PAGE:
Like Father, Like Son

  Do you remember the little Michigan boy who shot and killed his first-grade classmate? The story horrified even shell-shocked Americans. But the story stuck in my heart for a special reason. The child who shot little Kayla Roland is the child of a prison inmate. Those of us in prison ministry could have predicted that this boy would one day embark on a life of crime: The experts tell us that prisoners' children are six times more likely than other kids to become criminals themselves. But if you think there's little or nothing you can do about it, let me tell you about another prisoner's child. Jim was one of the toughest inmates in Colorado's Limon prison. He was a hard, tough man, serving three life sentences with no chance of parole. He was constantly being reprimanded and thrown into solitary confinement, and many of his fellow inmates were afraid of him. Back at home, Jim's eleven-year-old son John was proving the truth of the saying, "Like father, like son." John kept getting into trouble both at home and at school. He was heading down the same path his father had taken. But then a Prison Fellowship Angel Tree coordinator named Howard Waller met with John's father at Limon prison. He asked Jim if he would like for his son to attend summer camp through Angel Tree. But Jim wanted nothing to do with anything Christian, and he certainly didn't want to pay for a Christian summer camp. Howard assured Jim there was no cost for the camp; churches and Prison Fellowship supporters were taking care of it. So, reluctantly, Jim agreed. At camp, John experienced a world he had never seen before -- a world of Christian love and compassion. These counselors really cared about him, and he didn't need to get into trouble to get noticed. The counselors witnessed to him every day, sharing the peace and joy of knowing God. And before the week was over, John had accepted Jesus Christ. Well, that was just the beginning. John wrote to his father, telling him about his new faith. But Jim wasn't pleased, and he let Howard Waller know about it. "Now you've done it," Jim said. "My son became a Christian at camp." Howard tried to tell Jim about the salvation John had found, but Jim wanted no part of it. But little John didn't give up on his dad. He kept writing to him, telling him about Jesus Christ. Outwardly, Jim ignored his son's gentle encouragement. But inside, God was at work in Jim's heart. That Christmas, John visited his dad in prison. Once again, the boy told his father about his faith in Jesus. And finally, during that visit with his son, Jim broke down and prayed to receive Christ. You know, there are millions of kids like John today. And their only hope for breaking free of the generational cycle of crime is through the intervention of Christian mentors and volunteers. I hope you'll help send kids like John to camp this summer. Through Angel Tree Camping, you can help to pull at-risk kids -- and even their parents -- out from behind enemy lines, and into new life in Christ.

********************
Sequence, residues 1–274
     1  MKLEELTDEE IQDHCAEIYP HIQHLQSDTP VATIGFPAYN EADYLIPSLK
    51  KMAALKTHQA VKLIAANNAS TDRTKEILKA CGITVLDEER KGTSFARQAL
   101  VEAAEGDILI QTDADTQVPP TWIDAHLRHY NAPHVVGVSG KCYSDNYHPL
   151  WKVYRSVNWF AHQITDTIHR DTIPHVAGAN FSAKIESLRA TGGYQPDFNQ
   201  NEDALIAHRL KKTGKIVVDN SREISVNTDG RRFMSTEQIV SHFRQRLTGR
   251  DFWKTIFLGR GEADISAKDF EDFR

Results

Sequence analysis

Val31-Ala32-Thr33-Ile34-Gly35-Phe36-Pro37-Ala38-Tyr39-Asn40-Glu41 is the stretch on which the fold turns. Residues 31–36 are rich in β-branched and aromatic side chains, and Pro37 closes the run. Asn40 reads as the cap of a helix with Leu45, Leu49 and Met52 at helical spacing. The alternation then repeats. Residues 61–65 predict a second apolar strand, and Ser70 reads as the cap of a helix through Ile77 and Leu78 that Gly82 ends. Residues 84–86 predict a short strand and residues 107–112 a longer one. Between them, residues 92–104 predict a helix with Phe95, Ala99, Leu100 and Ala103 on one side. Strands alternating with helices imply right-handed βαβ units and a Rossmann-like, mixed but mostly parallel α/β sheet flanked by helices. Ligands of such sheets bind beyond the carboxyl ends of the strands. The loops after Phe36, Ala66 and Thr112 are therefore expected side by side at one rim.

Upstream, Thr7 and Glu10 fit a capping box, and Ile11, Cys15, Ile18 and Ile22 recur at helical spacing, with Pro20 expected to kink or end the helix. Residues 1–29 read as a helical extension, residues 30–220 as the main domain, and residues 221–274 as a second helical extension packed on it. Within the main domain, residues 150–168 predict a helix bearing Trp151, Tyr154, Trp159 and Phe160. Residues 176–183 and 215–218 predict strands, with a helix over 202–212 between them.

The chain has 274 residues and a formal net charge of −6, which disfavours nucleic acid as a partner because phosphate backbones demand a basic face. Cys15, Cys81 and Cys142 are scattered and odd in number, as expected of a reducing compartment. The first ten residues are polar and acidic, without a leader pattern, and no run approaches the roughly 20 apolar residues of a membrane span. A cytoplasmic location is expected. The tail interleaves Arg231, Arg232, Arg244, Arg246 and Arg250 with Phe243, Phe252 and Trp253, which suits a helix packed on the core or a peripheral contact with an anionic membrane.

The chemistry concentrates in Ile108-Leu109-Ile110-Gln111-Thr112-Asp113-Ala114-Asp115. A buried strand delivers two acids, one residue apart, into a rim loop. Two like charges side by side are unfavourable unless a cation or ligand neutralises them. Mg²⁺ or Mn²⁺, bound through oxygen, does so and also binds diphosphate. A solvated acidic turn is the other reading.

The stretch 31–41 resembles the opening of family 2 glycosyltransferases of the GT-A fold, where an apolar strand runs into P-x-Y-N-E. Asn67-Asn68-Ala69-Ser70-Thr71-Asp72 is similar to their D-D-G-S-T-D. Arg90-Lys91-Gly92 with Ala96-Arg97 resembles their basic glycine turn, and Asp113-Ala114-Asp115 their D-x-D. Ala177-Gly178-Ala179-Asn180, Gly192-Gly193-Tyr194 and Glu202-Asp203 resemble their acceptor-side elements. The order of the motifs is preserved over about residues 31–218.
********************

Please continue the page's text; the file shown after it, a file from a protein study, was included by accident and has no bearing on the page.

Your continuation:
Chuck Colson


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